It seems like every time a professional sports franchise can’t win, the first person blamed is always the coach. This is consistent with what many have said about Mike Scioscia‘s stewardship of the Los Angeles Angels this season. Picked by many to be preseason World Series favorites, the Halos are languishing in fourth place, and Scioscia, the longest-tenured manager in the MLB, may be out of a job by season’s end.
Though it may be satisfying to place the blame for this season’s failure squarely on Scioscia’s broad shoulders, his critics seem to have forgotten that it’s the players who play games, not the manager. Baseball isn’t a game like football or basketball where you can hustle your way through a slump to make meaningful contributions to your team. You either have the magic, or you don’t. Players are not Xs and Os on a chalkboard, they’re flawed human beings who fall prey to the same doubts and lapses as all of us.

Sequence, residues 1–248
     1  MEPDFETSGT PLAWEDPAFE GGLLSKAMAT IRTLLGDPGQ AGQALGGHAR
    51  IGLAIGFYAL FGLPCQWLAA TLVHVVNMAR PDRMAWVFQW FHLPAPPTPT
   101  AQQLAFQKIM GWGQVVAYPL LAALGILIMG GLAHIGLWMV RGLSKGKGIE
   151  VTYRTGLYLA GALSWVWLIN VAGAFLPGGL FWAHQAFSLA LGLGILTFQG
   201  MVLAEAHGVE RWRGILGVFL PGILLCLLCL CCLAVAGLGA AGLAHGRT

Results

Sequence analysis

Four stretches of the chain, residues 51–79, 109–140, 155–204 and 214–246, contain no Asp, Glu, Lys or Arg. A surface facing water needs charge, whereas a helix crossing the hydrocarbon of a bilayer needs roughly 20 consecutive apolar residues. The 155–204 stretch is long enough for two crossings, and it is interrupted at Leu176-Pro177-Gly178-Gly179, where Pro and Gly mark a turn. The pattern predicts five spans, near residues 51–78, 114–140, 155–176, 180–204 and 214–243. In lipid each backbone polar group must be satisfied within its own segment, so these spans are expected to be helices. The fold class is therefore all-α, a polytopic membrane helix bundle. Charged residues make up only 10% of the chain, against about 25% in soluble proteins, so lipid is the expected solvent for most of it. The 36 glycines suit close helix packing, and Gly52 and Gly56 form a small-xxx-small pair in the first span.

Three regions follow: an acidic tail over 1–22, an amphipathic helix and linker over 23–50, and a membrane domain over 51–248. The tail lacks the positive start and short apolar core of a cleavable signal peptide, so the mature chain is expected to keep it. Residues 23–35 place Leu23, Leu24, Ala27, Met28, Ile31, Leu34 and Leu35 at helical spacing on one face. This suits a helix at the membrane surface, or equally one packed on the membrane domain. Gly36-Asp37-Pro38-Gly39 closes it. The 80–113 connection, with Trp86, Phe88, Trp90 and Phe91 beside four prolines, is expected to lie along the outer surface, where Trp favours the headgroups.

What exactly was Scioscia supposed to have done? Did he urge Arte Moreno to sign Albert Pujols and Josh Hamilton to a combined $360 million? Did he tear Pujols’ plantar fascia or put a hex on Peter Bourjos?
It is certainly true that the same old voice in the dugout can get irritating after a while. Even so, Scioscia has been unfairly maligned by baseball fans this year, and if the Angels show him the door, they will struggle to find an adequate replacement.
It’s the players, not the manager.